Friday, October 3, 2008

Can Warcraft Educate?

The headline reads, "World of Warcraft Video Game Succeeds in School." Really?

If you're not familiar with World of Warcraft (WoW), it's an online fantasy role-playing game that currently has around 10 million subscribers.

The article cites a study that suggest WoW helped a group of children gain interest in reading and writing, as well as improving their reasoning and math skills. The article observes that research "suggests playing a video game set in a virtual online world can encourage students to learn valuable real-world skills" (and gain numerous virtual-world kills, I would add).

However, the article omits technological and philosophical discernment as aspects of evaluating WoW or other games, as apparently does the research taking place into WoW and education.

For instance, there is no mention of possible detriments of online games. Neither is there any mention of understanding ethical aspects of these games or, for that matter, the underlying philosophies of fantasy games that have a tendency to gravitate away from anything distinctly resembling a theistic worldview into areas of pantheism, dualism, atheism, polytheism, the occult, etc.

This is not to say that some children won't learn some useful educational concepts from such games. There are, for instance, elements of mathematics, resource management, logical understanding of how characters can progress and advance, etc.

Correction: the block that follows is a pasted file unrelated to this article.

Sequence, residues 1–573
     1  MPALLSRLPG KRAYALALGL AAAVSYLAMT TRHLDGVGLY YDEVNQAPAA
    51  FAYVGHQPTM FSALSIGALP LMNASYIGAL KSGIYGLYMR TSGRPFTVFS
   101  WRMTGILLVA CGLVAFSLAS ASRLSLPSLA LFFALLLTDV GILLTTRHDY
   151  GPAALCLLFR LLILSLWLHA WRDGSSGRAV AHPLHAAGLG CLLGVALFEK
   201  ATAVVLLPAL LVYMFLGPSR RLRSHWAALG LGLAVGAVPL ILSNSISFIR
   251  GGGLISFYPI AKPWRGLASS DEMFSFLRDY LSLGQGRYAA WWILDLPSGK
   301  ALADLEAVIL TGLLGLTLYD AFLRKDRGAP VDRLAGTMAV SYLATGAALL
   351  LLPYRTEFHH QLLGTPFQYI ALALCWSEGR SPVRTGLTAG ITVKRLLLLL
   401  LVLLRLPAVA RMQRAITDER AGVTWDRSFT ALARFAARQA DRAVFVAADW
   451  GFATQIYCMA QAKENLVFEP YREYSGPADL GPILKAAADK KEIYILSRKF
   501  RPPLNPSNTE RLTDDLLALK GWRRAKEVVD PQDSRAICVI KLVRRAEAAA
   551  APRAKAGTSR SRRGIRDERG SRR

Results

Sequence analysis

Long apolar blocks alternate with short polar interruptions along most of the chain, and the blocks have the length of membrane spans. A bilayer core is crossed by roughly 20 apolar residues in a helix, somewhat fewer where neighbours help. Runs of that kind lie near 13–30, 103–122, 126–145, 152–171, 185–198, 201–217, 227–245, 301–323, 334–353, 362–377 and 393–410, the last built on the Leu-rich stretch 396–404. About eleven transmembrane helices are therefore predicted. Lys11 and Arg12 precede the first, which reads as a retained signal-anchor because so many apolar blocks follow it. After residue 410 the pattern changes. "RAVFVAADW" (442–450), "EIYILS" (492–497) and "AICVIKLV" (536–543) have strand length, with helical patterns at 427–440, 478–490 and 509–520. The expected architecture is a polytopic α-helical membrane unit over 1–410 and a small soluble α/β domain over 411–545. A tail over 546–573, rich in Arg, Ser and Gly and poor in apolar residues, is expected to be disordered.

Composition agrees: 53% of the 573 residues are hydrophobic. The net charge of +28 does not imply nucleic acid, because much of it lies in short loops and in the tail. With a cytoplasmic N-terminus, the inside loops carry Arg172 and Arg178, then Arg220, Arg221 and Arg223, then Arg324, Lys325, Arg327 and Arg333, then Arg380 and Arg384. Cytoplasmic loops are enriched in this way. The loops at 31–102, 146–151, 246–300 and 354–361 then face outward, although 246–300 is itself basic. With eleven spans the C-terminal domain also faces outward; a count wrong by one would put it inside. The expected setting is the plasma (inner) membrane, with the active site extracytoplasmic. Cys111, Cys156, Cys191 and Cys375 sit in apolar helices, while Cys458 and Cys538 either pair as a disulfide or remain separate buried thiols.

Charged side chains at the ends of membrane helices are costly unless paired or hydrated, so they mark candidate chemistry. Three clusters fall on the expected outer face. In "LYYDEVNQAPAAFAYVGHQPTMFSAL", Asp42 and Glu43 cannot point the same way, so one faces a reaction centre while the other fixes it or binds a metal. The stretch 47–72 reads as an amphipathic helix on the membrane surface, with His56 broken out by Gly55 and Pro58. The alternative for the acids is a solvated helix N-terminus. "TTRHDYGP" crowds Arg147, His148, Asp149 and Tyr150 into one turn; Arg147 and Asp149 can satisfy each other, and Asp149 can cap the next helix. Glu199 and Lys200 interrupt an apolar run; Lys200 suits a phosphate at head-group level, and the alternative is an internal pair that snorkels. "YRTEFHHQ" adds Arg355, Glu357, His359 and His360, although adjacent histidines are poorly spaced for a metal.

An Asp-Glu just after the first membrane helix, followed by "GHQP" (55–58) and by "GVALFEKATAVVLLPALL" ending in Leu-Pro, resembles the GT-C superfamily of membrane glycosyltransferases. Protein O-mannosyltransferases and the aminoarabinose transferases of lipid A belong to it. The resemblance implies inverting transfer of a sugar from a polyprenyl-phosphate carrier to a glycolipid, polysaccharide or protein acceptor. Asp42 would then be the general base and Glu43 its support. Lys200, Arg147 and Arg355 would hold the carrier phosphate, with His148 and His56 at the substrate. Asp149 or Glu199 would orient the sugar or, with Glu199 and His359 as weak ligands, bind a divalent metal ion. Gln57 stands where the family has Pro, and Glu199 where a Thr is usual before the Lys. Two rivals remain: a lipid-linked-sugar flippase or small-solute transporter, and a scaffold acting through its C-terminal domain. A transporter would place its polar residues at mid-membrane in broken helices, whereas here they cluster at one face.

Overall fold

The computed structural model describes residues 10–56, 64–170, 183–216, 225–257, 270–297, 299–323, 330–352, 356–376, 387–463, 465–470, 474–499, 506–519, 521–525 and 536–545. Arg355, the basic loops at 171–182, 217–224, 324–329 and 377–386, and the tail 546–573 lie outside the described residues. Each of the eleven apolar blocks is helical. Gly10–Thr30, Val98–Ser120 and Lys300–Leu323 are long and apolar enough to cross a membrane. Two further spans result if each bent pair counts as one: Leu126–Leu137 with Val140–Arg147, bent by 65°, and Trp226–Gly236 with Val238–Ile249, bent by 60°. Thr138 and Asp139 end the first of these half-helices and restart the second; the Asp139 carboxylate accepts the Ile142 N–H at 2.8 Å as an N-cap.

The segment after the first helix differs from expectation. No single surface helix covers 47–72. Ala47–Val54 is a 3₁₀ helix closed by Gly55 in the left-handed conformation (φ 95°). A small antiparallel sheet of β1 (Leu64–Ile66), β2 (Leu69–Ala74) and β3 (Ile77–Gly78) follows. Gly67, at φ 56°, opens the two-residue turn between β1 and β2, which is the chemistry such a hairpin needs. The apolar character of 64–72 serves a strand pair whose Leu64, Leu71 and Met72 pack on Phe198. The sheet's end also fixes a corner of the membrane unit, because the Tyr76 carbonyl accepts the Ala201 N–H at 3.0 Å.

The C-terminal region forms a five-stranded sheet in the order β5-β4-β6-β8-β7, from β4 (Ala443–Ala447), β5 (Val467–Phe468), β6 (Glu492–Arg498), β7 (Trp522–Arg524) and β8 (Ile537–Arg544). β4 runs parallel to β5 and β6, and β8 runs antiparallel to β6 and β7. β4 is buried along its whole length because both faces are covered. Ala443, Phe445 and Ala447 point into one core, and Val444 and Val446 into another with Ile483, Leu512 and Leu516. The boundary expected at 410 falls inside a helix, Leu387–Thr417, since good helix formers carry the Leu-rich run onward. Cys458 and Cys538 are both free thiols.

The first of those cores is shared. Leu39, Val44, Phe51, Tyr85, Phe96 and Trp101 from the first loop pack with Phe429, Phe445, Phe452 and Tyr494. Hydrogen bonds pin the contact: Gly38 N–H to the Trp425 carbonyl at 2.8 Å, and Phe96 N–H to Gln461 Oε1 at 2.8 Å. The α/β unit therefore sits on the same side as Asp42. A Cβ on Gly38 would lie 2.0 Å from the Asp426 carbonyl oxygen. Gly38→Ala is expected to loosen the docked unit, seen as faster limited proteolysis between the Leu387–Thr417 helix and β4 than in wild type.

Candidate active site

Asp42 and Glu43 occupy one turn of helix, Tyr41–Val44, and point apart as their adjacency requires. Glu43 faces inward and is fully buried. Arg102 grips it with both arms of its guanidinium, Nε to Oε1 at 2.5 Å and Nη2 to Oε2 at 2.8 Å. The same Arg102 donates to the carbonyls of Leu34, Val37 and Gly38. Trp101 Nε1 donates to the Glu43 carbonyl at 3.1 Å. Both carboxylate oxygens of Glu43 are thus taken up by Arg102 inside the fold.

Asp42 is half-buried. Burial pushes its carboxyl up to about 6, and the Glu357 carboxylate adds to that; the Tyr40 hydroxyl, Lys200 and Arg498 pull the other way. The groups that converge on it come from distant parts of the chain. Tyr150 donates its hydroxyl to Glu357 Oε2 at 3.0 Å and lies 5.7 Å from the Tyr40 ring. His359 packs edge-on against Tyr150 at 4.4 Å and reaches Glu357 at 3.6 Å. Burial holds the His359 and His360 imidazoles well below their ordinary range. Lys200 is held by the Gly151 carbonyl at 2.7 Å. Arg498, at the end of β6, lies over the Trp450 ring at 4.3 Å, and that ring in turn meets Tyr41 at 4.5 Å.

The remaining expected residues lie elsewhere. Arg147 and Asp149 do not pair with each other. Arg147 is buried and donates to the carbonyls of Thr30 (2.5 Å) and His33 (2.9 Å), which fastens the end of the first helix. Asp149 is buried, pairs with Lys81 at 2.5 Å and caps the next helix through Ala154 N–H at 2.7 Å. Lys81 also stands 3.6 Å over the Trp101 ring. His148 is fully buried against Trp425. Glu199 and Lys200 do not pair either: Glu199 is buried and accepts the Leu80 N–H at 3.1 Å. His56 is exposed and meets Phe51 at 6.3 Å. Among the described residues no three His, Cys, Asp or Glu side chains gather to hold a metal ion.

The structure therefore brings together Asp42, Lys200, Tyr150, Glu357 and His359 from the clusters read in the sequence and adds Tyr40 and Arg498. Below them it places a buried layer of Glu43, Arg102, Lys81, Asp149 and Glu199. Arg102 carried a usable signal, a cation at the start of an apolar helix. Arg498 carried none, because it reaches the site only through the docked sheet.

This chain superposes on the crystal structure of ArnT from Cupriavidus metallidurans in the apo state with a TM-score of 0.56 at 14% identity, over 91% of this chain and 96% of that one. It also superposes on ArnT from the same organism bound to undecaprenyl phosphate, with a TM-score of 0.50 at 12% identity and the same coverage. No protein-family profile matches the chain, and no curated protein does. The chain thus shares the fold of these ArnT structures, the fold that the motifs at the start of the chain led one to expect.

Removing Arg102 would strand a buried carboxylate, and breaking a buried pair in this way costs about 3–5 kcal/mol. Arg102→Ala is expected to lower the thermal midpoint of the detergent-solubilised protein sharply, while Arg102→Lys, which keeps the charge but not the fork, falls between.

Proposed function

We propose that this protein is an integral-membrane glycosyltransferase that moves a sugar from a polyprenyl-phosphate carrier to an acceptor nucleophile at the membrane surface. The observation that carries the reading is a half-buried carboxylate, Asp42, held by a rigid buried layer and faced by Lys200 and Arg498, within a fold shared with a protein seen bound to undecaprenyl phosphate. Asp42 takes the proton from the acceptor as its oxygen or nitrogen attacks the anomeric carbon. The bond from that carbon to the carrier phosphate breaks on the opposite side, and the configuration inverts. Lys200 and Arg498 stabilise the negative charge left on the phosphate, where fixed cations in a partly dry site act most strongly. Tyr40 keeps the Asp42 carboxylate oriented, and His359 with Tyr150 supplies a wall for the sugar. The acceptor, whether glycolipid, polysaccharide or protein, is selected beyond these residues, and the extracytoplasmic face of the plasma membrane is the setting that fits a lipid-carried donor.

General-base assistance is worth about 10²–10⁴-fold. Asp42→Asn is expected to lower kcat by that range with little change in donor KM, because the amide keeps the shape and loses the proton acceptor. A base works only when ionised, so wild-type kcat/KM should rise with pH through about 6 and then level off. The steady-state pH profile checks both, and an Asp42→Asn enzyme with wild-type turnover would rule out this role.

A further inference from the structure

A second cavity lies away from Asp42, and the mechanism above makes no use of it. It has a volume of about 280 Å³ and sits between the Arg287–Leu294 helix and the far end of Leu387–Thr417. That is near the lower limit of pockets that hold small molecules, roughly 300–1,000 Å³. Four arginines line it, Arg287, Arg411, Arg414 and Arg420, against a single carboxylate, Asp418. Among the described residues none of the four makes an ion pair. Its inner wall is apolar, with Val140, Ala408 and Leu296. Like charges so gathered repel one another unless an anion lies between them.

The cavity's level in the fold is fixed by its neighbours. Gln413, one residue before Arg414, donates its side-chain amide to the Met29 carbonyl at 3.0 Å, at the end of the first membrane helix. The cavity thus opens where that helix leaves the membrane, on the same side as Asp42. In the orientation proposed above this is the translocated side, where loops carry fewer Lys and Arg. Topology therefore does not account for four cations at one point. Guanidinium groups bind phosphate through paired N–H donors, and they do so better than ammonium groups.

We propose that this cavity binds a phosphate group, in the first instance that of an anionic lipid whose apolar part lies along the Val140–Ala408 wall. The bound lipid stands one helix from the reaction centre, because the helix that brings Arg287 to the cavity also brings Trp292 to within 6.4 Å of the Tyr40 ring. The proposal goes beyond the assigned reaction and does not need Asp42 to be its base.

But what else might children learn from such games? WoW does not exist in a vacuum, but like any media it contains worldview elements -- ideas, philosophies, ethics, etc. But aspects of discernment are often omitted when looking at games. "It's just a game," we hear.

Here's a relevant quote from a 1984 book by John Weldon and James Bjornstad, primarily about fantasy-role playing games as they used to be played -- on paper:

Fantasy, in its essence, is an imaginative departure from the world and the created order of things as we know it. It plays an important part in our lives ... Fantasy is actually a part of God's creation in the sense that God created man with imagination and the ability to fantasize ... But fantasy is not justified in itself. Just because fantasy in general is part of God's creation, no specific fantasy is necessarily right or good. As with many other things in God's creation, there are good and bad uses. Unfortunately, even "good" fantasy can be corrupted by overindulgence (e.g., when a person enters a fantasy world to escape from responsibilities in the everyday world). There is also a distorted and destructive use ... (Playing with Fire, pp. 46-47)

Yet the research taking place in reference to WoW and education is primarily pragmatic. "It has worked ridiculously well," said the researcher in charge of the studies. Maybe it has, but what else are children learning along the way?

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